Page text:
[TIP] including (or not) tests within your package
olemis at gmail.com
Thu Aug 12 05:56:58 PDT 2010
On Thu, Aug 12, 2010 at 7:14 AM, Olemis Lang <olemis at gmail.com> wrote:
> On Thu, Aug 12, 2010 at 4:04 AM, Fernando Perez <fperez.net at gmail.com> wrote:
>> On Wed, Aug 11, 2010 at 12:38 AM, Ben Finney <ben+python at benfinney.id.au> wrote:
>>> Fernando Perez <fperez.net at gmail.com> writes:
>> Ultimately all I can say is that I have *extensive, real-world*
>> evidence of this approach having worked *fantastically* well for
>> ipython, numpy, scipy, nipy.*, etc over the last few years.
> The same can be stated by people that don't include tests in packages
In fact , check out any Ubuntu | Debian repos & you'll realize many
instances for which there will be the following pkgs for a single
- deb-src package (i.e. source package).
- app-doc deb package (i.e. binary package to install docs).
- app-dbg deb package (i.e. binary package to install the
app with debug symbols).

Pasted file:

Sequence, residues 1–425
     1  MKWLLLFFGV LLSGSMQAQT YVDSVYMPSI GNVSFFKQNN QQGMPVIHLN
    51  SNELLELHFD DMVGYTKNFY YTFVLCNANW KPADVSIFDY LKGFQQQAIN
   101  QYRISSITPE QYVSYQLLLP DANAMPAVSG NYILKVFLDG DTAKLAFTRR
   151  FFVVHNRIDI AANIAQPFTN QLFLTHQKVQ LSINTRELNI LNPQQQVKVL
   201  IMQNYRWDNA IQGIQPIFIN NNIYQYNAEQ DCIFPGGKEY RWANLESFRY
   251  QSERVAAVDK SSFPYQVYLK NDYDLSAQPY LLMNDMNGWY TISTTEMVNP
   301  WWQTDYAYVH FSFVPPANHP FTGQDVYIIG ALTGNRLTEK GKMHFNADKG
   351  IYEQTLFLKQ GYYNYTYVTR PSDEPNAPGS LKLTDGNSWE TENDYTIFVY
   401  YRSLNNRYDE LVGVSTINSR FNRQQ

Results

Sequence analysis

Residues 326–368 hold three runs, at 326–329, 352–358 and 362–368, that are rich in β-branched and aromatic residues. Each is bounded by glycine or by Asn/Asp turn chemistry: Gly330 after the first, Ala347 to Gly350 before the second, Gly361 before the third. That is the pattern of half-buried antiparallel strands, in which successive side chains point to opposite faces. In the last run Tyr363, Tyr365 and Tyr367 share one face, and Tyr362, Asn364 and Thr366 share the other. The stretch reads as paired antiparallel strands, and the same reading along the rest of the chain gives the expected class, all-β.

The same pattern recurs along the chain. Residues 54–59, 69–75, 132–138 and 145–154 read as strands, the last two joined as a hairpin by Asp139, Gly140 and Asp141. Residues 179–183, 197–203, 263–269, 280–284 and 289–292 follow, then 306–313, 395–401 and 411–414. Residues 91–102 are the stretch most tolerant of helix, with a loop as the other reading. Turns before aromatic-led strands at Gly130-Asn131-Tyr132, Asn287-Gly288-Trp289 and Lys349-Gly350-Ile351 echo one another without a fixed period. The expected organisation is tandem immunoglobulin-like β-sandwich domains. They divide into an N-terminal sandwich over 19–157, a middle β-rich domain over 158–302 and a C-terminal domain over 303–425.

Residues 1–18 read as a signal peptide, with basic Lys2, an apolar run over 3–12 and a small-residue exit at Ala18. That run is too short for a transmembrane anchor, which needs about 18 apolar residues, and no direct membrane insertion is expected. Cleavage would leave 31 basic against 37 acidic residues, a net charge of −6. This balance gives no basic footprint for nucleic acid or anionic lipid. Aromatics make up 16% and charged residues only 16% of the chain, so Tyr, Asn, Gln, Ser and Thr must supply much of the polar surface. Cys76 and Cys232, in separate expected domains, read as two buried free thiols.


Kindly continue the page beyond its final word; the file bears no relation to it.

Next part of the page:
- app deb package (i.e. binary package to install the app).
That might be slightly different in Python because of the
characteristics of the language but the following one-to-one
relationship wouldn't be as crazy as it seems
- deb-src package will become sdists.
- app-doc deb package might become docs package ,
but sometimes PyApps -e.g. *my* PyApps- are self
documented, anyways ...
- app-dbg deb package might become either bdist package
installing only the test suite (which might also be a different
pkg named app-tests or whatever ...) or the app with test suite +
test deps + ...
- app deb package will become the binary package installing
*ONLY* the app , and nothing else
PS: I just noticed that pkg naming conventions when I tried to install
few minutes ago gstreamer plugins in Ubuntu Lucid , so that's a good &
real place to start the research
Blog ES: http://simelo-es.blogspot.com/
Blog EN: http://simelo-en.blogspot.com/
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